What is Classical Education?

The Classical education imparted at Donahue Academy is structured and integrated so as to affect not only the mastery of facts and ideas but also to provide the students with the tools of learning and a general disposition toward intellectual virtue. Classical education is not just about subject matter but also about the integration of various disciplines and the development of intellectual faculties necessary to fruitfully and fully pursue truth and to appreciate the unity of all truth.

The means toward this end include a carefully structured curriculum, focusing on the great books, emphasizing reading and language (including Latin) and delivered with a pedagogical emphasis appropriate to the students’ developmental abilities. Dorothy Sayers in her important article on classical education, The Lost Tools of Learning, referred to this as “teaching with the grain.” The subject matter is structured, sequenced, and repeated over a period of years, growing ever deeper into details and increased depths of synthesis. History and literature, music and art are studied in a complementary context. Science instruction also follows a similar four-year pattern of biology, earth science, chemistry, and physics. Each iteration of the discipline and subject matter increases in depth and scope as the student advances through our school and is constantly challenged to connect existing information and ideas to new information, insights and challenges. A collaborative K-12 faculty will assist them in this exciting and rewarding journey. The process takes time, but as it follows the natural growth and development of children into young adults, there is no better way to proceed towards the goal of fully developed young adults ready to face the challenges of the modern age, and if they so choose, matriculate into Ave Maria University where this life-long pursuit of wisdom and learning can proceed under the direction of undergraduate and graduate faculty who have devoted their lives to this endeavor.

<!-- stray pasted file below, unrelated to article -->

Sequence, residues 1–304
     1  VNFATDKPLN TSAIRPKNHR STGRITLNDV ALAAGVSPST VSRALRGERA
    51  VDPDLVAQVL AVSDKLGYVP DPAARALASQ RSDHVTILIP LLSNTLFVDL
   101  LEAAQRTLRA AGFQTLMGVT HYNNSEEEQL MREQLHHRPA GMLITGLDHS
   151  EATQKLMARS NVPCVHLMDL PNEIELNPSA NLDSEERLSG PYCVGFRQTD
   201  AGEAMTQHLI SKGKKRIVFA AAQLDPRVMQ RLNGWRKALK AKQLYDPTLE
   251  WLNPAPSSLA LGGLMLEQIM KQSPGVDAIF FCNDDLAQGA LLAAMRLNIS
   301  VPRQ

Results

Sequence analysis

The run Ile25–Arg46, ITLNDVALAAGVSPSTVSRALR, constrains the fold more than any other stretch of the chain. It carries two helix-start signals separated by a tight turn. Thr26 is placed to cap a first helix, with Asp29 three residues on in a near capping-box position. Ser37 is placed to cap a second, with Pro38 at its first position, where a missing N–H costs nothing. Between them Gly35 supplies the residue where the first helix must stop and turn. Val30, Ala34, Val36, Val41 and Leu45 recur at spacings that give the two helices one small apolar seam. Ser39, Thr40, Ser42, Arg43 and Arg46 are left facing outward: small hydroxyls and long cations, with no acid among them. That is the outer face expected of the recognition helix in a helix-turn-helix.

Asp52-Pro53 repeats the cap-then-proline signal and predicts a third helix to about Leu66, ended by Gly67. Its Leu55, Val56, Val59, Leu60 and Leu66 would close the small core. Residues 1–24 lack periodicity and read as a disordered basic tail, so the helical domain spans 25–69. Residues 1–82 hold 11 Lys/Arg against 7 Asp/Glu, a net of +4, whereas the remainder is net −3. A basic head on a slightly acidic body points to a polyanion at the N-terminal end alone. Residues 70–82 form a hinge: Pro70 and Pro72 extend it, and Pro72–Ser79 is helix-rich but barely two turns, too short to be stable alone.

The Trivium
The progression outlined above is often broken down into a pattern called the Trivium. As the name implies, it flows in three general stages: